Saga Rebellion painting by Tsukioka Yoshitoshi 1839 to 1892...
It was around the beginning of the Tokugawa period also know as the Edo period when the capital was moved from Kyoto to Edo (modern day Tokyo) 1603 to 1868. The Tokugawa Shogunate/Period was founded by Tokugawa Ieyasu who was a loyal retainer of Oda Obunaga. I just remember the 3 major periods for ninjutsu & martial arts as Sengoku (Warring States Period): when most of the wars and fighting occured, Tokugawa Period (relative peace and isolationism): this is when the classes became lock and Ashigaru went from being conscripts and other classes who became part of the warrior caste to being considered low level samurai & the Meiji Restoration (marked the end of feudalism and when Japan was opened to the west).
Whats funny about the Meiji and it meant the end of the samurai class and there were numerous uprisings by Samurai against Japanese "colonialism." The Samurai of the Fukuoka Domain established a very ninja like secret society called the Koyosha, that became the Genyosha after the Satsuma Rebellion. The Koyosha worked to build secret alliances, gather information, smuggle supplies and carried out assassinations, sabotage and terrorism during the various samurai uprisings. All very ninja and carry out by former samurai. Which raises certain questions, if ninjutsu was a stand alone system why were samurai of the peaceful Tokugawa Period using "ninjutsu" skills to resist the Meiji Restoration? What if ninjutsu isn't the exclusive art of specific family schools of ninjutsu but a sub-set of skills in samurai ryu? If so many samurai ryu had ninjutsu in them, why did ninjutsu become such a lost art? Was it such a lost art if the Samurai of the Fukuoka Domain seems to have used it in the formation and operation of Koyosha? Then if ex-samurai resisted the end of their cast system using a secret society (clandestine network) and very "ninjutsu" like methods can we say the "end of the ninja" in Tokugawa Period was an end to their use and not to the study?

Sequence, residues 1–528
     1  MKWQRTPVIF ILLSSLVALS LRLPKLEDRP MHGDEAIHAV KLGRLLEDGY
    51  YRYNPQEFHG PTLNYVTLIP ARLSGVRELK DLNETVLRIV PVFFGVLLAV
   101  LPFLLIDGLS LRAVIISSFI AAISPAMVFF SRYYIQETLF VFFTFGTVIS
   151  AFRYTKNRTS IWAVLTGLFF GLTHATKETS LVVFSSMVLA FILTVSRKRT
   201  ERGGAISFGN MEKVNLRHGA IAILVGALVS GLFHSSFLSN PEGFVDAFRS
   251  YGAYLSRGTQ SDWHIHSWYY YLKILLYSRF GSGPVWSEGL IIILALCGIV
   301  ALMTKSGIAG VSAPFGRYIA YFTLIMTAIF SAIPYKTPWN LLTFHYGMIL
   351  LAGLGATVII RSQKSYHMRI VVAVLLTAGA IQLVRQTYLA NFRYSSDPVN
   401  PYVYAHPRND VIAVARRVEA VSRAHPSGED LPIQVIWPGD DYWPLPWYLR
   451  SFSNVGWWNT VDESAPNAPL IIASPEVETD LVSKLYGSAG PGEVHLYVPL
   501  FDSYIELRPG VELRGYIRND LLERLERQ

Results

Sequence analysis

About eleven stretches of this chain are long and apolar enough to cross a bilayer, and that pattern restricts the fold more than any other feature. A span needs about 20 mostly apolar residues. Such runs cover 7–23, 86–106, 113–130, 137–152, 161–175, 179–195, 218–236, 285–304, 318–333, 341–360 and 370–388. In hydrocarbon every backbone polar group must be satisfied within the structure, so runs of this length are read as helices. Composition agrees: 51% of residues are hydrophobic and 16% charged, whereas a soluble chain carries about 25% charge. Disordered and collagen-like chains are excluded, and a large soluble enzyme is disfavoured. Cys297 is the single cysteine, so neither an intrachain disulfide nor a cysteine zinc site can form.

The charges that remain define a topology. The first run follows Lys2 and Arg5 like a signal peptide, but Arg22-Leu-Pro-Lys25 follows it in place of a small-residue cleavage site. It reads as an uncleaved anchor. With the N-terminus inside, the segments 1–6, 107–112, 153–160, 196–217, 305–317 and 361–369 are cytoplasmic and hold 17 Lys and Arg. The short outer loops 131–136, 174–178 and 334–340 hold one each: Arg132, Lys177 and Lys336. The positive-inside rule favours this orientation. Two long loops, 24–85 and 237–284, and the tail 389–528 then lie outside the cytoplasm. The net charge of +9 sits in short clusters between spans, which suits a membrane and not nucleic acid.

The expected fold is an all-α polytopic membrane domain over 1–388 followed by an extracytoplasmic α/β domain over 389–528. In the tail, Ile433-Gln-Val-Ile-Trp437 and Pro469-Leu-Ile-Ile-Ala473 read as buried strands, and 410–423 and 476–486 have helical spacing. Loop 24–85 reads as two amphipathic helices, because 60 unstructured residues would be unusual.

If ninjutsu was a sub-set of skills in various samurai ryu and not an exclusion school/style of thinking, then there never were "ninja warriors" only samurai with training in covert and clandestine operations. More so, it is possible for "ninjutsu" to have survived in some form and its seems to have done so up to the Meiji period and beyond by looking at groups like the Koyosha, Genyosha and Kokuryukai. This is an element addressed by Turnbull's article and articles various other people. Especially, looking at historical records where "shinobi" was used pretty loosely even for the Ashigaru sent on scouting missions, but little formal training in a samurai ryuha. More so, other terms were used for spies and scouts in said records then "shinobi."